On Faulkner’s return to New Orleans from Pascagoula, where he enjoyed a brief holiday, he met twenty-­one-­year-­old Helen Baird. Described as “elfin”—­a word also applied to Faulkner—­she had a “don’t give a damn look,” which also fit him. They did not so much couple as flit. Helen’s aunt said Faulkner appeared like “a bird who just flew in from the trees.” He arrived barefooted, a nature boy. This female Faulkner could be not only aloof but downright recalcitrant, as Carvel Collins discovered in one of his frustrating interviews with her. Faulkner liked to recall “a sullen-­jawed yellow-­eyed belligerent humorless gal in a linen dress and sunburned bare legs sitting on Spratling’s balcony and not thinking even a hell of a little bit of me that afternoon, maybe already decided not to.” He did not exaggerate. She called the scruffy, short writer “a fuzzy little animal.” And yet she would become a kind of counter to Estelle, whom Faulkner had recently seen again on one of her periodic returns to Oxford. Perhaps Faulkner found Helen appealing precisely because she was not “very interested in him.” He could pursue her, like one of those figures on a Grecian urn, without ever worrying that she would let him catch up.

Faulkner sailed and swam in Pascagoula with Helen. Often dressed in a painter’s smock, she had an artist’s eye: “Look, the moon looks like a finger­nail in the sky,” she said to Faulkner, who asked, “May I use that?” She treated him as he sometimes treated others. She failed to show up. She had the boyish, tramp-­like flair he had celebrated in his sketch about David in “Out of Nazareth.” She abjured the southern lady courtesies and cared nothing for the gentlemanly code that he sometimes profaned in his barefoot performances. He worked on a sequence of poems that he would present to her in June 1926. Her remarkable personality informed the portrayal of Myrtle Monson in Elmer—­“a Dianalike girl dark and fierce and proud with an impregnable virginity”—­Patricia Robyn in Mosquitoes, and Charlotte Rittenmeyer in The Wild Palms, and he would see her occasionally after she married. Something about her independence forever intrigued him. She did more than rebuff him and later told Carvel Collins that Faulkner was “one grand person to know and be with—­a truly great companion like the ones you read about but never meet.” If Helen could not reciprocate Faulkner’s romantic interest, perhaps her presence bolstered him. Helen may have reminded Faulkner of his diminutive self-­contained mother, who also painted.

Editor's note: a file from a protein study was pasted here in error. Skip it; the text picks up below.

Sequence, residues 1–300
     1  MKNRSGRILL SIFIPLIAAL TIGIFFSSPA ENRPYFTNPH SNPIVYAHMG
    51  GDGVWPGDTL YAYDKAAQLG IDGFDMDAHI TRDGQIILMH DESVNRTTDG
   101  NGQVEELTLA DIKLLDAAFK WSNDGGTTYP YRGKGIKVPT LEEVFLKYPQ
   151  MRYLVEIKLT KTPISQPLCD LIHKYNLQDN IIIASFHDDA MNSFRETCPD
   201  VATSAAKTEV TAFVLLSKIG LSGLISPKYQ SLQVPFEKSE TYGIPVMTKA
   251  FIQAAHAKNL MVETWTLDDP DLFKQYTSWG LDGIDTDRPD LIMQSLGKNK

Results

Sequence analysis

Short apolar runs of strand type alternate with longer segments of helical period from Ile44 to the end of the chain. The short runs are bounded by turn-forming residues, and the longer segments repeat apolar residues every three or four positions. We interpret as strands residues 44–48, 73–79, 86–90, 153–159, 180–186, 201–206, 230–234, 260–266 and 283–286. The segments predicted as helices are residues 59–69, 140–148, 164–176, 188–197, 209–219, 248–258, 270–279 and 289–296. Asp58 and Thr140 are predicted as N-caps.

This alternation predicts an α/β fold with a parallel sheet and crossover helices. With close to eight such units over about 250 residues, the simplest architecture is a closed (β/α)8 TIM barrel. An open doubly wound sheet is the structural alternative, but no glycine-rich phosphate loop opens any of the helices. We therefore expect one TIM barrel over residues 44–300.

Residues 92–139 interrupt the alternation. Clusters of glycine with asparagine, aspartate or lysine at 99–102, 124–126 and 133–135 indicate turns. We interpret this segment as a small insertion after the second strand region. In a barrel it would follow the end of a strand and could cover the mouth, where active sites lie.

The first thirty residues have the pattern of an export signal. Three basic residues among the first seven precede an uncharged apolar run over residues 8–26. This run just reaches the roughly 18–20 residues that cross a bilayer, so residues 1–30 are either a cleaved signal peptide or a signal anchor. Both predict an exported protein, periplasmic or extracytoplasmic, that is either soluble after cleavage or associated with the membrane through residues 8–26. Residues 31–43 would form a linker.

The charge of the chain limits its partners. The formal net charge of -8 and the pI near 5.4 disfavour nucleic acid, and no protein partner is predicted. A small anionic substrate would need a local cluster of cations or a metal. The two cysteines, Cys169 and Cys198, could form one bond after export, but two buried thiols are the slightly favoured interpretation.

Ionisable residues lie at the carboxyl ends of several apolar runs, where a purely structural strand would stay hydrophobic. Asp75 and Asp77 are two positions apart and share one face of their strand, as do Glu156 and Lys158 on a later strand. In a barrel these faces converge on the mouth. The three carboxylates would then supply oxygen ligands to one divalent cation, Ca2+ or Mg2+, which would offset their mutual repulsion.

During a short trip home to say his good-­byes before sailing off to Europe, he conferred with his Aunt Bama, the old Colonel’s daughter and Faulkner’s closest link to his great-­grandfather. Faulkner decided that he would support his travels by writing for various newspapers, perhaps in emulation of Rapid Ramblings in Europe, first published as reports to the Ripley Southern Sentinel. Phil Stone wrote to the Four Seas Company, hoping to get a second contract, asking for $250 for the published travel articles in book form. The contract never materialized, and Faulkner never wrote the articles.

He came aboard the West Ivis on July 7, 1925. He had taken aboard five hundred sheets of paper, promising to write his mother and to keep a diary. He sailed with Bill Spratling and had a list of people to look up abroad. “Quite a gang are coming down to see us off,” said the literary hopeful whose favorite word in his letters home was how “grand” the world seemed in New Or­leans, the place where so many have come to find a new future. And now: “If Europe just stands by me, I’ll do her up brown and come home.” He believed he would find a receptive audience in France by introducing himself, “Je suis un poete.” The last New Orleans letter to his mother on July 6 sounds the familiar note of the boy who always thought he could go home again: “I wont hesitate to sing out if I need any cash, in plenty of time. . . . I got my hair brushes alright. Thank you. Love, Billy[.]”



• 3/8: Boston Biographers event, Harvard Square

• 3/21: Baltimore: Charm City Books, 1 PM

• 3/22: DC: Politics & Prose, 1 PM

• 3/23: Charlottesville: Rotunda, 10:00-11:30

• 3/24: Richmond Main Library, 4:00 pm

• 4/15-18: PCA Conference in Philadelphia

• 4/29: Center for Civic Engagement at Waterside Plaza 

• 5/7: NYC: Levy Center for Biography, recital hall

• 6/4: Lewes, DE: Lewes Public Library, 5:00 pm

• 6/23: New Albany, MS: Union Heritage Museum, Noon